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Scholars seek to reclaim a dirty word: secularism

(RNS) A conference at Georgetown University this week focused on cleaning up what many Americans consider a dirty word: secularism. The goal of the "Secularism on the Edge" conference was, in part, to define what secularism is and what it is not.

(RNS) A conference at Georgetown University in Washington this week focused on cleaning up what many Americans consider a dirty word — secularism.

The goal of the conference, called “Secularism on the Edge,” was, in part, to define what secularism is and what it is not. It drew participants from France, Israel and the United States — all countries with strong secular and religious strains.

jacques berlinerblau

Jacques Berlinerblau, Director & Associate Professor of Jewish Civilization at Georgetown University has a new book coming out in September called “How to Be Secular: A Call to Arms for Religious Freedom”. Berlinerblau was photographed at Georgetown University in Washington, DC on Sept. 6, 2012. RNS photo by Jay Premack

“(Secularism) is a guarantee of two things: freedom of religion and freedom from religion,” said Jacques Berlinerblau, a Georgetown professor, conference organizer, and author of “How to be Secular.”

“In a perfect world, it balances the citizen’s need of those two fundamental rights.”

Secularism is not, Berlinerblau continued, a synonym for godlessness or atheism or any other form of anti-religiousness. Secularism is interested in maintaining government’s disinterest in religion, he said.

How successful the United States has been at separating religion and government was the subject of the first session, an interview conducted by Berlinerblau of John Fea, a professor of American history at Messiah College and author of “Was America Founded as a Christian Nation?”

Berlinerblau showed a film clip of John F. Kennedy’s famous 1960 speech before the Greater Houston Ministerial Association in which he proclaimed that his belief that “the separation of church and state is absolute” and that presidents’ religious views should be private.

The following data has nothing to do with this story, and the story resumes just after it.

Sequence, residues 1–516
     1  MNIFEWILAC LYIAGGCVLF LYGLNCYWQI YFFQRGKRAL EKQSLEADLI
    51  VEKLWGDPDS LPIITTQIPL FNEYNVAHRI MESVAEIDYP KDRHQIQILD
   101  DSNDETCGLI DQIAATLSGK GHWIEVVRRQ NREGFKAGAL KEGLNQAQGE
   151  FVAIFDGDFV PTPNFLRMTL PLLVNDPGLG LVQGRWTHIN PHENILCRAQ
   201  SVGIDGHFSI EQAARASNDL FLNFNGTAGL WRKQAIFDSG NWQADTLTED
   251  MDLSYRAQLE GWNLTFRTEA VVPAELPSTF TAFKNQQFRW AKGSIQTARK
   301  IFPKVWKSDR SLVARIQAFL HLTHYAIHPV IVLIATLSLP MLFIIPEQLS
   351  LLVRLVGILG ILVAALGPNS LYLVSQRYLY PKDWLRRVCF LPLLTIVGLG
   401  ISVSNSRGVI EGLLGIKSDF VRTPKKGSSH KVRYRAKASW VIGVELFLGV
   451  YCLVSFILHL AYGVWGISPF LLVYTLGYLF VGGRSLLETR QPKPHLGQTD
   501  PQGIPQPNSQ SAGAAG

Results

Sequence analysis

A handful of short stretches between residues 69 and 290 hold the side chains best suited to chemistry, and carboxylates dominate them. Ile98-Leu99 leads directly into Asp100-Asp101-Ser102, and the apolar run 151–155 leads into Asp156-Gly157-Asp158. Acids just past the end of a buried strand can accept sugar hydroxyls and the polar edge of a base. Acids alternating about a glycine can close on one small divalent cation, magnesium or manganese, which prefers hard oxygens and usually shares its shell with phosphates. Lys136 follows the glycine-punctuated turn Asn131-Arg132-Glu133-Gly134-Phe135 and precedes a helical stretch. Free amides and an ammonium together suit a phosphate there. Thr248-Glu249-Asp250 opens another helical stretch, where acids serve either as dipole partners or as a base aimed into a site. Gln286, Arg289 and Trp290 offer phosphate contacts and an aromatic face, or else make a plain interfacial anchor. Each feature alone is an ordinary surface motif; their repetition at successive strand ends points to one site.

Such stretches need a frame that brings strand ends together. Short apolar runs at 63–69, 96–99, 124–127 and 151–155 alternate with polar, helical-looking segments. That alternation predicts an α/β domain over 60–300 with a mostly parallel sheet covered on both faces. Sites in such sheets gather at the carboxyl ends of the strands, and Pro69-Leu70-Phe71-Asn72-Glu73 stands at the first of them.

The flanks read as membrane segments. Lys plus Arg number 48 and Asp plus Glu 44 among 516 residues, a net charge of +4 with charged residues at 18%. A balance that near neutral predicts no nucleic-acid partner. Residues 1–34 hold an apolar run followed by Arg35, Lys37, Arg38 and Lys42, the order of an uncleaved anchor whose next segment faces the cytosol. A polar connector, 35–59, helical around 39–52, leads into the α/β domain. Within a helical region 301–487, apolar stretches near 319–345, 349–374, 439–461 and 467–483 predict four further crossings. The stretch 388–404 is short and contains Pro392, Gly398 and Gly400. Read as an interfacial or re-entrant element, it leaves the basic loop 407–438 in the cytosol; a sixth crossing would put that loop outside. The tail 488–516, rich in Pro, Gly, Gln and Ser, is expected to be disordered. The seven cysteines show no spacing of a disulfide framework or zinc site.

Berlinerblau then showed a clip of President Obama speaking at an Easter prayer breakfast about the meaning of Jesus’ death and resurrection. Berlinerblau looked at Fea and asked, “Are these presidents of the same country?”

How the United States went from Kennedy to Obama in less than 50 years formed the bulk of the interview, with discussions of the rise of the religious right in the 1970s and how secularists — who can be both religious and nonreligious — failed to respond.

obama easter

President Obama and his family pray during Easter services at Allen Chapel AME Church in Washington on April 4, 2010. As many as four in 10 Americans cannot identify the president as a Christian. RNS file photo courtesy Pete Souza/The White House.

Other sessions at the conference explored secularism in France, where there has been conflict over how much the government can regulate Islamic dress in public spheres, and in Israel, a secular state where religious groups, particularly ultra-Orthodox Jews, wield heavy influence. There was also a focus on American “nones,” those who claim no religious affiliation and whose ranks have grown to 19 percent.

“I think we should have had this conference 25 years ago,” Berlinerblau said. “What happened then is that secularism had its butt handed to it by the Christian right, Islamists around the world and the ultra-Orthodox Jews. Secularism was sleeping.”

Fea, an evangelical Christian, and Berlinerblau, an atheist, found that they agreed more than they disagreed. Both argue that the Founding Fathers were “to a man,” in Fea’s estimation, religious believers — but not necessarily Christians. Some, like Jefferson, were deists.

And both agreed that religion and government should not mix.